3) As a last option, 'the people' of California should be given a vote of choice. If none of the above options suffice, that decision would be between staying as a part of the US and dropping Prop 8; or upholding Prop 8 and finding a new way of being part of the US without fully embracing the Constitution. Or not being part of the US at all.

I'm being too dramatic on purpose, remember this is a mere exercise. But I really think that the authorities should explore ways to make this again a choice of the people; of getting out of this mess without having a judge or a court override a popular vote. Feet on earth, probably a more realistic way would be a resolution from the California congress and senate (this is, the representatives of 'the people' of California) vote a joint resolution accepting the judge amendment. Now or when the Supreme Court settles the issue, if things are going that far. Not ideal, but it would formally put a good end to this. Not an individual, but 'the people' (their representatives in their name) saying "Sorry, we messed up, now we've been explained the consecuences in full we no longer want this thing we said we wanted in the first time". That's the only (democratic) way out. Or else, we are accepting that in democracy there is something more important than the voice of the people.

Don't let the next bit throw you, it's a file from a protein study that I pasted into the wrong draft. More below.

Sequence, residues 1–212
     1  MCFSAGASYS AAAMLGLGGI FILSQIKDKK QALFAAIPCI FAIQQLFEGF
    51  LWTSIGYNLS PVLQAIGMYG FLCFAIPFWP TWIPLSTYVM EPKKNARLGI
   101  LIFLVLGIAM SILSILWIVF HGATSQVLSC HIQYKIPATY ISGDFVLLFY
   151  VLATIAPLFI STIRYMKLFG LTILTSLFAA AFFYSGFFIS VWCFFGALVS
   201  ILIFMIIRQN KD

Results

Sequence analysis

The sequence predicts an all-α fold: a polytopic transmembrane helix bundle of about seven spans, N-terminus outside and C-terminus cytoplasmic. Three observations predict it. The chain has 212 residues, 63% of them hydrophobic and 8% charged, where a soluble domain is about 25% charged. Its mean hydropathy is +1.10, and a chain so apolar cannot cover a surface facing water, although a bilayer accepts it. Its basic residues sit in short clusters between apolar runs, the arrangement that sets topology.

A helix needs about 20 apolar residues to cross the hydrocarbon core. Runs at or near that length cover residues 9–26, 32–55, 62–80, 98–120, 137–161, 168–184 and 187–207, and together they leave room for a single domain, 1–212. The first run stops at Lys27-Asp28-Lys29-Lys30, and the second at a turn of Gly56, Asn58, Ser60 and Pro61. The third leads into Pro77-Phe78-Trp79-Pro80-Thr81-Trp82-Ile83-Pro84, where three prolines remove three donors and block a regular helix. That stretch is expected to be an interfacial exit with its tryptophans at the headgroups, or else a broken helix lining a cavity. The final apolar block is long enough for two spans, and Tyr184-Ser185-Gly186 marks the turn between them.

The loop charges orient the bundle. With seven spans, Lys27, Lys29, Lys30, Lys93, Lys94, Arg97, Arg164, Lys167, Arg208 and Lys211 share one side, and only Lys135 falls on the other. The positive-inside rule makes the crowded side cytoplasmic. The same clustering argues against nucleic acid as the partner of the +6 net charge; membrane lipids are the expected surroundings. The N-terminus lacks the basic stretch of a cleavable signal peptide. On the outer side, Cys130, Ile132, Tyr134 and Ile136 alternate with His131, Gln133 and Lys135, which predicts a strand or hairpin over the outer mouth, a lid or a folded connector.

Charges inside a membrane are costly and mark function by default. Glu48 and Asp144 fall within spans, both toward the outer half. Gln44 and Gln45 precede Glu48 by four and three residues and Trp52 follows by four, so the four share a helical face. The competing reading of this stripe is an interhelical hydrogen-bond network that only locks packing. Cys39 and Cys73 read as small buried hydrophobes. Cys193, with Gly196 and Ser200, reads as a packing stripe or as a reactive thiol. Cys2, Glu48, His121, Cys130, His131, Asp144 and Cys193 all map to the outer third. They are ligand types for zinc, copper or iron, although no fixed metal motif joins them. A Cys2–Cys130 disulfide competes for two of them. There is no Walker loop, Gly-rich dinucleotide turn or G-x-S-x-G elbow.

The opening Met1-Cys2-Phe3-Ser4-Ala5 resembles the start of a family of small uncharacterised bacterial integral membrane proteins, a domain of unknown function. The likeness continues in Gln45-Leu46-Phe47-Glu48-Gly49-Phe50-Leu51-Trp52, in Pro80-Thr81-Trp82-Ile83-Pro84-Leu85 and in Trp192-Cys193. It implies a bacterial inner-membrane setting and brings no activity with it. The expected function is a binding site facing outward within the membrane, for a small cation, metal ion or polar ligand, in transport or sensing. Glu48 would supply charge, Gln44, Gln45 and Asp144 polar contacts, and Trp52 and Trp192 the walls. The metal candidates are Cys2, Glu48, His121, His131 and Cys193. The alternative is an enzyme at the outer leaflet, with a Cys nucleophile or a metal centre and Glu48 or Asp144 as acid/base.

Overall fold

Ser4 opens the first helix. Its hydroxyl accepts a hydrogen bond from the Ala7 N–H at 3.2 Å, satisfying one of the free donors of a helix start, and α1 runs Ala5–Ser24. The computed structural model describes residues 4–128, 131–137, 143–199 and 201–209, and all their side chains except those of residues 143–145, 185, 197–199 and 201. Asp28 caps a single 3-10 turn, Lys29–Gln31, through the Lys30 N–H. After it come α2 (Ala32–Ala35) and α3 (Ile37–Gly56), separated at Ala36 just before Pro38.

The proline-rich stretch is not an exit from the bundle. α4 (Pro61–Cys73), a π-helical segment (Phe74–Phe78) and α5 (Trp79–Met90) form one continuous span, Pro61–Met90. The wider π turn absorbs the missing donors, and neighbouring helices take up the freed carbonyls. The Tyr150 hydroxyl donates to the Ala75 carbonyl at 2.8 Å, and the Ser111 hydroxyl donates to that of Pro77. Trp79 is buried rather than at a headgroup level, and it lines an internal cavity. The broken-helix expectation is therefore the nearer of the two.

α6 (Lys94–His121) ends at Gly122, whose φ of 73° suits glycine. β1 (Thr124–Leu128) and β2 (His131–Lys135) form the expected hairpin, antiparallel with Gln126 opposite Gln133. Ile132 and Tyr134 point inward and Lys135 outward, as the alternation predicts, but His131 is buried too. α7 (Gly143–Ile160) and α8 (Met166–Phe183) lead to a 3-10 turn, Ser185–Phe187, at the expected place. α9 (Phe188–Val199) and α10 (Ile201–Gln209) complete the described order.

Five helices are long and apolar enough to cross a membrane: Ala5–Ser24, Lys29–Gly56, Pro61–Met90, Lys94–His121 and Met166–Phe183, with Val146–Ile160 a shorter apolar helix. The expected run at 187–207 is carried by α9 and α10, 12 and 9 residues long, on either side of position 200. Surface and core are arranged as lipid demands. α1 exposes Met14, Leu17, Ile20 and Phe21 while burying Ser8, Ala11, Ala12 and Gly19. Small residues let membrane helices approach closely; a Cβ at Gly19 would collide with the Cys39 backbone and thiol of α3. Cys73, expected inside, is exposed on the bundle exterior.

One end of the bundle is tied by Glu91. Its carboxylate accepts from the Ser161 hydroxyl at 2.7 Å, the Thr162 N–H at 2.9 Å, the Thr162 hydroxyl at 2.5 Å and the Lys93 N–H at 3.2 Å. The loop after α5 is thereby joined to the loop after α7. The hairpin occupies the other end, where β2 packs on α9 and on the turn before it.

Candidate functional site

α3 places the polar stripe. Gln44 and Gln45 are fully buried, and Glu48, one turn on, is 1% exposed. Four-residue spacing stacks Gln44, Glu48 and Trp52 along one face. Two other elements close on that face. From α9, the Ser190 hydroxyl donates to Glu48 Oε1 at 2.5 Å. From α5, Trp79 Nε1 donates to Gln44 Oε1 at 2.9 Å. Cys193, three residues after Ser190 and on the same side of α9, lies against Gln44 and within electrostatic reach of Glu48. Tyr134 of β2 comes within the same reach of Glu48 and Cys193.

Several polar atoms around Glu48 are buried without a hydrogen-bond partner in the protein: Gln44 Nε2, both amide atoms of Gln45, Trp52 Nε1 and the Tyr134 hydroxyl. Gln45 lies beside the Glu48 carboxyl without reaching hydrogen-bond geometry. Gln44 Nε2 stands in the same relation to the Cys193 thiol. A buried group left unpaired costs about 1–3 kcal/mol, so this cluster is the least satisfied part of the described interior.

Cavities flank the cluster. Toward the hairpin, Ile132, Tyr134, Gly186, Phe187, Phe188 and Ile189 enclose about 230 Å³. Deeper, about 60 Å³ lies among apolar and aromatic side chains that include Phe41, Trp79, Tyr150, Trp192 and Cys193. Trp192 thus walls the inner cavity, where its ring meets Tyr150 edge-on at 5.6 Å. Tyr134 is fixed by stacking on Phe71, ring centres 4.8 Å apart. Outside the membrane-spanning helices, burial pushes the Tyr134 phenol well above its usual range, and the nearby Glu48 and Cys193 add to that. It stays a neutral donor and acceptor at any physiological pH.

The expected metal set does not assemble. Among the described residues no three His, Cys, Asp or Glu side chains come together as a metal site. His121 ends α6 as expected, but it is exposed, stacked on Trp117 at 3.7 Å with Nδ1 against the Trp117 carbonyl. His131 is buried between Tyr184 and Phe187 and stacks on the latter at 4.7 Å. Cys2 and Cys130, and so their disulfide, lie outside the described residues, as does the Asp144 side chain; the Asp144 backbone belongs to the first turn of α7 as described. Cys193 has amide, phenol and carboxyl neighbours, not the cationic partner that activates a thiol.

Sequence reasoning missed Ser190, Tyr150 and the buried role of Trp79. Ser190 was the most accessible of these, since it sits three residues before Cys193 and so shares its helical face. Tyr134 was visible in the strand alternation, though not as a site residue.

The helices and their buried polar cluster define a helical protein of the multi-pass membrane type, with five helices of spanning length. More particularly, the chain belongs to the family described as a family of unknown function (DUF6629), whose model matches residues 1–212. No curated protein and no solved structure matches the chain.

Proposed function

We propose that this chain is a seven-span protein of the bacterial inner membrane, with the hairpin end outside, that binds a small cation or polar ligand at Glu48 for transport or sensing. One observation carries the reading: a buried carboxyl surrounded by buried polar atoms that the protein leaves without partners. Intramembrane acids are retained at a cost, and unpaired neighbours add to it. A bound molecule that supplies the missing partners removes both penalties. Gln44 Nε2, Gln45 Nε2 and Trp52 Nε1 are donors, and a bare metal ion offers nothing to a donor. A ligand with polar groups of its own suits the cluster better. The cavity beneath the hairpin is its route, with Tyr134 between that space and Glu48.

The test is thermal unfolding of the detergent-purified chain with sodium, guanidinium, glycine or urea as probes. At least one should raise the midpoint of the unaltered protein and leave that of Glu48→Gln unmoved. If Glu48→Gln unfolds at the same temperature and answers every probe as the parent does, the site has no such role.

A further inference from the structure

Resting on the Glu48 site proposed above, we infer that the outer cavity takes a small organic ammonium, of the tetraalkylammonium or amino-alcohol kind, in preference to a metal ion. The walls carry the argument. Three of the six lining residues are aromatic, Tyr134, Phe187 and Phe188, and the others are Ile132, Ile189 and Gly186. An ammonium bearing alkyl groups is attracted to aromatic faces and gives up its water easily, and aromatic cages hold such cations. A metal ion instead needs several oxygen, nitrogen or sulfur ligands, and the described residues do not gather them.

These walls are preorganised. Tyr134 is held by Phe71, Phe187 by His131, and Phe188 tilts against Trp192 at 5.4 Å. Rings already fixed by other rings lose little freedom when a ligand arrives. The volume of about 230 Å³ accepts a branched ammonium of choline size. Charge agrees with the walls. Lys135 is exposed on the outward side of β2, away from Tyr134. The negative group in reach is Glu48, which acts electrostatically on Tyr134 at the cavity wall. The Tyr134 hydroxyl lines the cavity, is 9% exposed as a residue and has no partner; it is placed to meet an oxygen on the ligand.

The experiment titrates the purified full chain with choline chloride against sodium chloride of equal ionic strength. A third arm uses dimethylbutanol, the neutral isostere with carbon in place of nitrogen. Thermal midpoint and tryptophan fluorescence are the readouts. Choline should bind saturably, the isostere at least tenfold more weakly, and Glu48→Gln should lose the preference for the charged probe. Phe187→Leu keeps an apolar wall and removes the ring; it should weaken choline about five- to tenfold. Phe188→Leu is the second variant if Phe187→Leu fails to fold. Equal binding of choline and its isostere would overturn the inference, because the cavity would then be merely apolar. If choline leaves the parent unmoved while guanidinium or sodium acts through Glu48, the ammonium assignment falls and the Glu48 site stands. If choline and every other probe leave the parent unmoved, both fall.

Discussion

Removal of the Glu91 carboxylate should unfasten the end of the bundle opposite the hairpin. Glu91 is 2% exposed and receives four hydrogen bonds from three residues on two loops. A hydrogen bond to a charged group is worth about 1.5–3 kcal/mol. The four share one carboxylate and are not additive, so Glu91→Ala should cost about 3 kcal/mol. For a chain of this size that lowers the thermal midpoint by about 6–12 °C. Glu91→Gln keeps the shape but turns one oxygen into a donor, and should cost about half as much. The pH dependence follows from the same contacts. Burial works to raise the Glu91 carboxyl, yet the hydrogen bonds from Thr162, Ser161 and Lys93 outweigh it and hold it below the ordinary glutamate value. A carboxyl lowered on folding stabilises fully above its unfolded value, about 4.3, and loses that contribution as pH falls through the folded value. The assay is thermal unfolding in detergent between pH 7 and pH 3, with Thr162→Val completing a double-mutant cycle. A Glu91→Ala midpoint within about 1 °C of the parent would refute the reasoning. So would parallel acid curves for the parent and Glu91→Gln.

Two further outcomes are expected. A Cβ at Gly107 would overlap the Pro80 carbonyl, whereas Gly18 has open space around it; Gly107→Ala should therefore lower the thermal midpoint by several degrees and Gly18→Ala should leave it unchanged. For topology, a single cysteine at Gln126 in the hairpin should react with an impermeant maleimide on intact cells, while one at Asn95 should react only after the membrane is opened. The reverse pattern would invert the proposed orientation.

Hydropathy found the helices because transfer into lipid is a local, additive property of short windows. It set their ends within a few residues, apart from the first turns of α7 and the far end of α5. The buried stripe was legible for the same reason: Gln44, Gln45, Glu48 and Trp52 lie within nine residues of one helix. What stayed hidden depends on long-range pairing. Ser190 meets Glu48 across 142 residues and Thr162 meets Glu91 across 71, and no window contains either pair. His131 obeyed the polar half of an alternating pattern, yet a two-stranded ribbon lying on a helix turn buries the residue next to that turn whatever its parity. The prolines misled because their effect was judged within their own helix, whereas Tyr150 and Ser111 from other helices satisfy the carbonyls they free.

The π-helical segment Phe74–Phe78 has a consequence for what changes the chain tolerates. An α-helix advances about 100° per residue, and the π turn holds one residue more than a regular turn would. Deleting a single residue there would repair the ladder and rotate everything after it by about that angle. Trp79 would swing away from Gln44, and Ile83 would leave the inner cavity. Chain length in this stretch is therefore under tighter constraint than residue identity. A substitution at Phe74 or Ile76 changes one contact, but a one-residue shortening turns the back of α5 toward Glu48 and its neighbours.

Democracy is a political form of government where governing power is derived from the people, either by direct referendum (direct democracy) or by means of elected representatives of the people (representative democracy). (3)

(1) Via LA Times,
(2) Via Wikipedia,
(3) Via Wikipedia,

Monday, May 17, 2010

Alcohol, tobacco, marketing and the F1

In the recent years (and not so recent) the EU has been publishing laws forbidding the advertising of tobacco and alcohol in TV shows, radios, and specially in sports events; the main idea behind it being that the european youth is still getting very soon into smoking and drinking; and thus forbidding the advertising (and specially in those areas where young people are the main commercial target) should help lower those numbers. Fine. I can applaud the sentiment.